In playwright Motti Lerner’s provocative and relevant play, The Admission, now playing at The Studio Theatre (as originally produced by Theater J), the question of when does the personal become the political and vice-versa becomes paramount. This tension between the personal and the political seems to comprise the crux of this bold and stimulating play. The assorted characters in this play each have their own convictions and the playwright seems to grant validity to all of them; perhaps–the playwright is asking us to admit that all people have a right to their own point –of-view even amidst the terrible pain of reconciliation and attempts to mediate.
Exploring the themes of denial, guilt, and the quest for truth as related to the very relevant political tensions of the Israeli and Palestinian communities and flashing back to an incident that was alleged to have occurred during the 1948 Arab-Israeli War, Motti explores theme after theme-exploring such themes as the sins of our fathers, the need for secrets and lies, and the need for atonement. As the press release states, “Lerner’s play focuses on Giora, a wounded veteran of a military action in Lebanon, who tries to discover the circumstances surrounding the murder of a group of Palestinian villagers by a unit commanded by his father 40 years earlier during the 1948 Arab-Israeli War. Aside from being obviously influenced by Arthur Miller’s All My Sons, there are also parallels to the strong social content of Henrik Ibsen.
Drawing from a uniformly excellent cast to deliver the nuances of this fascinating play, Director Sinai Peter does a superb job of integrating the text, actors and the technical aspects of this workshop production into one unified organic entity. Actually, the spare scenic design with sets of chairs and tables against a plain backdrop only aids immeasurably to emphasize the elemental and primal raw emotions of the characters. Peter directs his cast fluidly and the staging is top-notch.
As the lead character, Giora, Danny Gavigan invests his character with moral complexity and a striking physical presence. Joel Reuben Ganz (Amzi) possesses a very natural vitality in his role and is especially compelling in his scenes of anger and defiance. Michael Tolaydo (Avignor) gives a performance of utter raw realism and exposed nerves as the father involved in the past incident; he is like a festering wound about to explode. Hanna Eady (Ibrahim) as Amzi’s father, brings a cerebral quality to his role and shows us a man trying to make sense of his situation. Nora Achrati (Samya) is vivid and impressive in her portrayal. Kimberly Schraf (Yona) shows the proper air of maternal benevolence coupled with steely fortitude as Giora’s Mother. Rounding out the ensemble, Elizabeth Anne Jernigan (Neta) offers a sensitive portrayal of a woman trying to understand a lover who is in emotional pain.
As mentioned, the Scenic Design is spare yet striking and credit must be given to Frida Shoham who also designed the costumes –which are all done in natural earth colors. Klyph Stanford provides superior projection design employing dramatic visuals projected against the back of the stage. The moody, atmospheric music can be credited to Composer Habib Shehadeh Hanna.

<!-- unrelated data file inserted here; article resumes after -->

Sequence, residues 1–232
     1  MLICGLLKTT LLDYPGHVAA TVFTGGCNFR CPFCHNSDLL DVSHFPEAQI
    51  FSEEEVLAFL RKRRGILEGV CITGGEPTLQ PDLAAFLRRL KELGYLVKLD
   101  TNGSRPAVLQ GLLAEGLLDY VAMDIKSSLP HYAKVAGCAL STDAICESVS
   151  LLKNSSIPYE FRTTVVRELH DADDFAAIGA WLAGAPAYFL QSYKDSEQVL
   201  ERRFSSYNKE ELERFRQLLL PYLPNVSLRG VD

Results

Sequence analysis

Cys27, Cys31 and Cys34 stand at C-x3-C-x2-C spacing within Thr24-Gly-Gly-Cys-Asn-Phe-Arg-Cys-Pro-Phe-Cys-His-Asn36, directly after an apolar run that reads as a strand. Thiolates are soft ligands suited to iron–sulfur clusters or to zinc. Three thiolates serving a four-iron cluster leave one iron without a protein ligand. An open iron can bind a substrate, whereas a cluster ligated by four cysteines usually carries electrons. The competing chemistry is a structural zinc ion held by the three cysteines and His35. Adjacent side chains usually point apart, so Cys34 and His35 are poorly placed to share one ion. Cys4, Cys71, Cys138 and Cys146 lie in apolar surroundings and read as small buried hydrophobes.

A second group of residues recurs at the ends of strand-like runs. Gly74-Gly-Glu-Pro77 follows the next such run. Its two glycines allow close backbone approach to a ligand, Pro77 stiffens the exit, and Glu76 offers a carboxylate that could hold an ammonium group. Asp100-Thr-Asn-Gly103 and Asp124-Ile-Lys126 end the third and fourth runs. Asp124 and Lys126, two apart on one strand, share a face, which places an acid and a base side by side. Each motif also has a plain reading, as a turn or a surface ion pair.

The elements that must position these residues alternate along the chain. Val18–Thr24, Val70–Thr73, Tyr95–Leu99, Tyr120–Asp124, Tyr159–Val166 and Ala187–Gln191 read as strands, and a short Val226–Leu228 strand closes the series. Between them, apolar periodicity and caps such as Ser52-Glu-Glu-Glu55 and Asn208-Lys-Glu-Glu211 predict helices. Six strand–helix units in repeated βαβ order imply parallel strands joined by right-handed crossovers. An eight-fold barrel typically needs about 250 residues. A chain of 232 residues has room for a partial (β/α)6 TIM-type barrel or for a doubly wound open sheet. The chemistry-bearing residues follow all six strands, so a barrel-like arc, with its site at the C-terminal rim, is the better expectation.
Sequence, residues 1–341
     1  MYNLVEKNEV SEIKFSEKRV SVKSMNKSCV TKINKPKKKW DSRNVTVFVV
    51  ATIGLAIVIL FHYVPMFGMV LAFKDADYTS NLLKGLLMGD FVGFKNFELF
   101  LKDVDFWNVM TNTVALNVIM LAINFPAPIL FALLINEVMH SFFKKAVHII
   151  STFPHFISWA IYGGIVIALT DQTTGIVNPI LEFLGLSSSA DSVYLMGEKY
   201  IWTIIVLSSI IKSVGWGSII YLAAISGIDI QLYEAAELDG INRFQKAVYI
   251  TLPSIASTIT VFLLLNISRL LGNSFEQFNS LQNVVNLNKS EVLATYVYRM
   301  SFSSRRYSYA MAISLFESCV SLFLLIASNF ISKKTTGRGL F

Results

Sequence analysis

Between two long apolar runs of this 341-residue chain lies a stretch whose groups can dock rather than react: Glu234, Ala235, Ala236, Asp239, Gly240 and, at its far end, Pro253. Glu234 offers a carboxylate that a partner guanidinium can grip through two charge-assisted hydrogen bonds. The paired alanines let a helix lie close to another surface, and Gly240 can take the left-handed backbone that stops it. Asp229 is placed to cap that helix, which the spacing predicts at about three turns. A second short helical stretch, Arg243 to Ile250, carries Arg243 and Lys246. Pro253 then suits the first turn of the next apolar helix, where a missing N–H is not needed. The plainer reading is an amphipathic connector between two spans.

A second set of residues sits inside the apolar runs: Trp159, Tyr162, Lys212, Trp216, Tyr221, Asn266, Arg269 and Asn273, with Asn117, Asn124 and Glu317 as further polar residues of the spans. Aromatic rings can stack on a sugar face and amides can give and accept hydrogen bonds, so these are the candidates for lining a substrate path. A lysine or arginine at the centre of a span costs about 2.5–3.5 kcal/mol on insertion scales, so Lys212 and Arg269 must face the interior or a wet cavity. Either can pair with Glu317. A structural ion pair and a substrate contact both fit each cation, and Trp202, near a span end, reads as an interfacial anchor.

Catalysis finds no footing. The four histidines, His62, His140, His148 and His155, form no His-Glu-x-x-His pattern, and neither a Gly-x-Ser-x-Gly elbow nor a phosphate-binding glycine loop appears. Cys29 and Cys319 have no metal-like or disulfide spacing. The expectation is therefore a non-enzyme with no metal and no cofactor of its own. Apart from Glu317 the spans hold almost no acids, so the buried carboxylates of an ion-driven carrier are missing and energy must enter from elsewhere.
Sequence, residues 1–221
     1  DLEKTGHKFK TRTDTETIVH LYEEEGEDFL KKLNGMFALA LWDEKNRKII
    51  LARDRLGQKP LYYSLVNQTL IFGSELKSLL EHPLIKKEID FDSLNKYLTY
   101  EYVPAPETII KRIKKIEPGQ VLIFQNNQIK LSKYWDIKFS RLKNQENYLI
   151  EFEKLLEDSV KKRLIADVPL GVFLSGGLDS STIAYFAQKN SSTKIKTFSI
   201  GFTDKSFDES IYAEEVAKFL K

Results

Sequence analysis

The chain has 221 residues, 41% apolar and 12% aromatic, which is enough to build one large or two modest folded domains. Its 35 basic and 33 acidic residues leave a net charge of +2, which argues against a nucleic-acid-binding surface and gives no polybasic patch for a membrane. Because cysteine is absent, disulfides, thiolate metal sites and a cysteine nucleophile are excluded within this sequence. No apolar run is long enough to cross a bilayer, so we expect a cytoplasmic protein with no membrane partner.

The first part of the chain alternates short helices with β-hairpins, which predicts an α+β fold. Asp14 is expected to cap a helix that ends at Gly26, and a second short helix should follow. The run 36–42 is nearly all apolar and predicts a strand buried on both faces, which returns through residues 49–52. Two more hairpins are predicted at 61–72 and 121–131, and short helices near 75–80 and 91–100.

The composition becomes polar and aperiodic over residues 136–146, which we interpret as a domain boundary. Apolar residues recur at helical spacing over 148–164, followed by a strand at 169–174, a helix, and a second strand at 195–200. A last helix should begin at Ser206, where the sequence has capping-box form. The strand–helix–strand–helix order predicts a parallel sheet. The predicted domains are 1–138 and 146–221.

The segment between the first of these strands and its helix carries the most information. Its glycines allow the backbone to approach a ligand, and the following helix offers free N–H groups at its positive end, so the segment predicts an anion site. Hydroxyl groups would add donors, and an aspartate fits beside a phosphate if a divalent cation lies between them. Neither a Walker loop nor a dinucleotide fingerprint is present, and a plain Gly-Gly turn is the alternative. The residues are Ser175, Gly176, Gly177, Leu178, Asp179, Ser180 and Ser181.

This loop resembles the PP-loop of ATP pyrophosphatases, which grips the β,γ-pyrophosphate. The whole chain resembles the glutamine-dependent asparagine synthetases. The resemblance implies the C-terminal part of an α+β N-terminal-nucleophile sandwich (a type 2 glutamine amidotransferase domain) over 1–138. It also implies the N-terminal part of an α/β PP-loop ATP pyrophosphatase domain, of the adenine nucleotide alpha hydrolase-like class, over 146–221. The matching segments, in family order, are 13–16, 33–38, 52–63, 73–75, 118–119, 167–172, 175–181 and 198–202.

Deemed “controversial” by some, I feel that it would be more germane to think of the play as a penetrating and trenchant exploration of people’s strong convictions as they realize that the price of mediation and reconciliation may mean even more pain and suffering. There are very few good plays that were not deemed controversial at one time or another-from Ibsen’s A Doll’s House to Edward Albee’s Who’s Afraid of Virginia Woolf? to Mart Crowley’s The Boys in the Band.
I believe that playwright wants to provoke the audience out of their complacency by virtue of sharp, insightful writing to be taken on a humanistic level. As we watch these characters trying to make sense of the anguish they experience by remembering their past and enduring the present, playwright Lerner offers one a chance to think about the emotional scars that hatred sows. Dialogue must take place and an attempt at communication must be made for bonds to be formed between nations and people. Also, like many fine plays, more questions are raised than answers are given.
In the emotionally moving conclusion of this play, Lerner offers us a moment of hope as all the characters stand illuminated on the stage, somberly facing the horizon of an unknown future. As the lights dim, one cannot help but feel that the playwright is—perhaps—telling us that we must try to understand one another or die.
Commendation must be given to The Studio Theatre, Ari Roth (Artistic Director of Theater J) and Andy Shallal (Executive Producer, Busboys and Poets) for the foresight shown in bringing this important play to The Studio Theatre for a continued run.
Running Time: One Hour and 45 minutes, with one 15-minute intermission.
The Admission plays through May 18th, 2014 at The Studio Theatre’s Mead Theatre-1501 14th Street, NW, in Washington, DC. Tickets are available online.
John Stoltenberg reviews The Admission at Theater J.